November 11th, 2007, 04:25 AM
Well, that was really pretty much like it was. Morale effects are not long-lasting, and while an earlier invention of gunsd would be majorly significant, it is unlikely to give Byzantium a monopoly on the weapon. OTL, the Turks had the better artillery anyway, and 'Greek Fire' too, leaked out relatively soon - certainly sooner than the tech progression from early incendiary charges to viable siege artillery requires.

Didn't the Chinese get Greek fire at one point? How'd that work?

They wouldn't have a monopoly on the weapon, but if they could just use it occasionally, it could've made a huge difference. If they had it at Manzikert, the Turks could've been forced out of their ambush position into open combat.

Sargon
November 11th, 2007, 04:25 AM
Unless I'm misremembering, the Byzantines also used Greek fire as an anti-siege weapon fired from fortresses, to set enemy siege towers on fire and that sort of thing. Don't think they found an offensive use for it on land, though.

I seem to recall that it was used on land as well and that Byzantine armies did deploy it from time to time in conventional battles.


Sargon

Riain
November 11th, 2007, 05:13 AM
The Arabs and the Chinese did both use Greek Fire, only the backward Europeans didn't use it. Funnily enough the Byzantines kept the formula a secret but not the projector machinery, in contast the Arabs kept the projector technology a secret but not the recipie.

Sargon
November 11th, 2007, 05:44 AM
The Arabs and the Chinese did both use Greek Fire, only the backward Europeans didn't use it. Funnily enough the Byzantines kept the formula a secret but not the projector machinery, in contast the Arabs kept the projector technology a secret but not the recipie.

Well, the Byzantines did have items captured from time to time. When the Bulgar Khan Krum captured Mesembria in 812, he laid his hands on 36 syphons for projecting the stuff along with the local stocks of it. The records don't reveal much about whether he was able ever to employ the stuff, and if he did, whether he as able to use it well enough that it did not harm his own troops. It was difficult stuff to handle, and sometimes could be just as dangerous for the people using it as those it was being directed against.


Sargon

carlton_bach
November 11th, 2007, 07:04 AM
Unless I'm misremembering, the Byzantines also used Greek fire as an anti-siege weapon fired from fortresses, to set enemy siege towers on fire and that sort of thing. Don't think they found an offensive use for it on land, though.

One manuscript - I think it's a POliorketika - shows a handprojector used from a siege tower in the attack on a city. Generally speaking, Greek Fire fits the role, but its applications are pretty limited.

carlton_bach
November 11th, 2007, 07:17 AM
Didn't the Chinese get Greek fire at one point? How'd that work?

They wouldn't have a monopoly on the weapon, but if they could just use it occasionally, it could've made a huge difference. If they had it at Manzikert, the Turks could've been forced out of their ambush position into open combat.

WE have to keepin mind that what we call 'Greek Fire' isn't a specific,m single weapon of devastating impact but a type of weapon that comresd in numerous forms and guises. Most likely, what the Byzantines called 'Seafire' was a mixture with some unusual properties (most likely including and oxidiser) that made it particularly useful for naval warfare. This weapon was kept secretr fore a while - we do not know exactly for how long, though apparently it was thought worthwhile to maintain secrecy until the tenth century. However, pyrotechnic mixtures of petroleum derivatives and various other ingredients were not a secret weapon, nor limited to the Byzantine world, but quite common in civilised parts of the world (which included Italy and Spain). They were, of course, dependent on a supply of the right ingredients and therefore not easily manufactured in areas away from oil wells, but there attempts were made to replicate the effect with local ingredients (cf. the recipes in the Mappae Clavicula, probably of Italian origin, using turpentine, colophony and other flammables). China may well have had its own indigenous tradition of pyrotechnic weaponry rather than borrowed from the West. Arab armies used 'naft', certainly by the time of the crusades but likely much earlier (so much untranslated material...). The term covers a multitude of sins, from simple crude oil to early gunpowder weapons, but it certainly described Greek-Fire-like stuff like that produced in an excavated 12th century workshop to fill pottery hand grenades. At that time, using fire weapons in land combat had become so normal that well-organised armies had specialists in protective clothing for the job. When exactly that came about is, unfortunately, still a bit iffy, but I very much doubt the Seljuq army at Manzikert would have run from Greek Fire any more than the Zulu army at Rourke's Drift from gunshots.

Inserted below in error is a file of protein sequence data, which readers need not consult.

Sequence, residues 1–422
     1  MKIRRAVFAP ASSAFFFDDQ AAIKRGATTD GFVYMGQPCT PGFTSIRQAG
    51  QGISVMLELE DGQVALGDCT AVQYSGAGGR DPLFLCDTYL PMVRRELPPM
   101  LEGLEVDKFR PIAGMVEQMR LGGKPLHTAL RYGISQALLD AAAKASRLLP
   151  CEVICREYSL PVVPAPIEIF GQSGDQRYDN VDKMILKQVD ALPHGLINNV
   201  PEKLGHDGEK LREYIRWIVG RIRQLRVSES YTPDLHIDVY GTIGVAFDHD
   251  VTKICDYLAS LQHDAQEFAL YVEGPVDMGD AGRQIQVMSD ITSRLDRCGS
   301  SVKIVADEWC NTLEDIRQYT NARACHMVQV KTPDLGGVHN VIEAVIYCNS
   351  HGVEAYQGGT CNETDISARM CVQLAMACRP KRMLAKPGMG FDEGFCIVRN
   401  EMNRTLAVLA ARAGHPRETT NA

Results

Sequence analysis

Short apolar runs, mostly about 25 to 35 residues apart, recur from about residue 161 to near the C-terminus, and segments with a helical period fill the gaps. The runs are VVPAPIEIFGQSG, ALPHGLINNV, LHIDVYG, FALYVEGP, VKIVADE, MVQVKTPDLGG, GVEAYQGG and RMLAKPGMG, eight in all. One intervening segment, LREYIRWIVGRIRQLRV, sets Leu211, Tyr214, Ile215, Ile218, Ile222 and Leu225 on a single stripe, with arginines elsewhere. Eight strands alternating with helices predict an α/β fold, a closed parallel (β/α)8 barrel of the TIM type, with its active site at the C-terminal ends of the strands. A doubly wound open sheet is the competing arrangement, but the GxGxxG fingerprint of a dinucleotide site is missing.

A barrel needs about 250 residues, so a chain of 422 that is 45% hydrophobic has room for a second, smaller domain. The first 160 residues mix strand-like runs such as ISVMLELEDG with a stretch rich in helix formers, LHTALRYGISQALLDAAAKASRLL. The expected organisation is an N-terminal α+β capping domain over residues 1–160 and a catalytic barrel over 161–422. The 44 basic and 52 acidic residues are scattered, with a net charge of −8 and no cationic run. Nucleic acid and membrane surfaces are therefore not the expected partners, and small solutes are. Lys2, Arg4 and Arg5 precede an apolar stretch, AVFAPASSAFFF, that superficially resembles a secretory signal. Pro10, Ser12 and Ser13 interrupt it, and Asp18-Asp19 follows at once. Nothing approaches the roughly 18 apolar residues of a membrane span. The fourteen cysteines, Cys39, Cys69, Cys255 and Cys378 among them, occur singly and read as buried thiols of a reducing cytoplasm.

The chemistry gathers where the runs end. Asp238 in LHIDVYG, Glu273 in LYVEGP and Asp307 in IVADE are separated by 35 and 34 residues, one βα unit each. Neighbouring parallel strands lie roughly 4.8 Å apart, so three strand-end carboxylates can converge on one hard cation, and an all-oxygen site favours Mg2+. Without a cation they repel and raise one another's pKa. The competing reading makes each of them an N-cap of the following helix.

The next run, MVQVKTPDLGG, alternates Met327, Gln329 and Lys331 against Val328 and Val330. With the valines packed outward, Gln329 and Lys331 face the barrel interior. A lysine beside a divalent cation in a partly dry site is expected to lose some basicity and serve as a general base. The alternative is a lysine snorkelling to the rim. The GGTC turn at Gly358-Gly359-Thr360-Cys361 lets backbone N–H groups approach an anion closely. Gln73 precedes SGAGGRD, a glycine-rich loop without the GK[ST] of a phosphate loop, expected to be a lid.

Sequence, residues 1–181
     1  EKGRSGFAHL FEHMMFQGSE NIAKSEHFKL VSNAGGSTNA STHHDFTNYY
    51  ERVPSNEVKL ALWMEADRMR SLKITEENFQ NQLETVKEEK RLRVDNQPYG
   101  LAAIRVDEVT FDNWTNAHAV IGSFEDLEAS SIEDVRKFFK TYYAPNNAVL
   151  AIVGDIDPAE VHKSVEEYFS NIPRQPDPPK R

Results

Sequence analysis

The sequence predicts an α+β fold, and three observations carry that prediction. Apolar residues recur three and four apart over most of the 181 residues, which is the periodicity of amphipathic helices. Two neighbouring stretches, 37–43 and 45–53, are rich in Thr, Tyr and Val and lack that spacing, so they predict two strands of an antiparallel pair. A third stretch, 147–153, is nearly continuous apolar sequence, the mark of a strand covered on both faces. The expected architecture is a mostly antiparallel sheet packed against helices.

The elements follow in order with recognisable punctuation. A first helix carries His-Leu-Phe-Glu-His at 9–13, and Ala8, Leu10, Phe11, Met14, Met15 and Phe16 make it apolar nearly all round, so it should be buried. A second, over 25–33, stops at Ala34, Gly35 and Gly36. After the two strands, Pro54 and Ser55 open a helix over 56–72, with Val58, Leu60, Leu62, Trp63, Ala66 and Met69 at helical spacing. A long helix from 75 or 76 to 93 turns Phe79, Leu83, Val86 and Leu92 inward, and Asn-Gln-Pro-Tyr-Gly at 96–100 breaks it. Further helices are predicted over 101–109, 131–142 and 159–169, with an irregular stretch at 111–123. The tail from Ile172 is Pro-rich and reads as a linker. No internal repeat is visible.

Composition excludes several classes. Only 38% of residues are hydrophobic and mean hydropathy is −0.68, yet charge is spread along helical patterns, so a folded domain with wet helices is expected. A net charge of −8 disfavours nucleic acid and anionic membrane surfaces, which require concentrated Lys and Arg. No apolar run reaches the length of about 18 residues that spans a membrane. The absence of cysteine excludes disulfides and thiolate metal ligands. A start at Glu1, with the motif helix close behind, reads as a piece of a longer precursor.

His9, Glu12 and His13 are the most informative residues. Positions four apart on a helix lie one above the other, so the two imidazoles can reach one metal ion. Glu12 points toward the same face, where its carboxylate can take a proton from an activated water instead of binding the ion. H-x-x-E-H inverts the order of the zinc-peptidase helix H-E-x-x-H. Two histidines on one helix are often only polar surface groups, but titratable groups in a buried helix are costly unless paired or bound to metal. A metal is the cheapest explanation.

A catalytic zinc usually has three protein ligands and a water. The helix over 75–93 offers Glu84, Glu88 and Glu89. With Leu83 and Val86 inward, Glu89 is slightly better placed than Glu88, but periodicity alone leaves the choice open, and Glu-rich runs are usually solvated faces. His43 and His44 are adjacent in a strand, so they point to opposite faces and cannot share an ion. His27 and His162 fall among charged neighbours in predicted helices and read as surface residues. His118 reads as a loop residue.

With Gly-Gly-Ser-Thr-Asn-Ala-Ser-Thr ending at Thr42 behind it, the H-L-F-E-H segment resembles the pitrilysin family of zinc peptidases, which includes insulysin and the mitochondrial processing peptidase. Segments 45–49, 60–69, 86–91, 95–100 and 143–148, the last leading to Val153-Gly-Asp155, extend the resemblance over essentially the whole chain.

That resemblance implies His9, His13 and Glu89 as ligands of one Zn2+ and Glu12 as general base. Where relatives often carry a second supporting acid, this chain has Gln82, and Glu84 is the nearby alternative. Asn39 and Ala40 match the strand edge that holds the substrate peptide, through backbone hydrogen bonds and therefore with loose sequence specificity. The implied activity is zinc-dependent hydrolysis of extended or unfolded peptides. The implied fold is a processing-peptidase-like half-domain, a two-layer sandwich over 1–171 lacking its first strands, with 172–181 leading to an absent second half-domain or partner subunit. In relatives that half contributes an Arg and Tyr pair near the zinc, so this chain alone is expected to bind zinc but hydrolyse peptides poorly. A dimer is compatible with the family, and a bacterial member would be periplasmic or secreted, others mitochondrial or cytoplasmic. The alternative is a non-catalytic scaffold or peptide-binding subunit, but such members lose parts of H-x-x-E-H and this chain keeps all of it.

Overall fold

trajen777
November 12th, 2007, 11:55 AM
The Byzantines used Greek fire in many land campaigns but it was a difficult weapon. For example Justinian 2 used it in his Slav campaigns where he captured 40,000 enemies’ soldiers. Also fortifications used it often in defense. Perhaps a combination of gunpowder driven Greek fire or some better “flame thrower” would have been a more effective weapon.

I see the campaigns of John / Basil / Nicophoris being much more penetrating. John captured Damascus and Aleppo but was unable to capture the inner fortress. With these weapons he would have.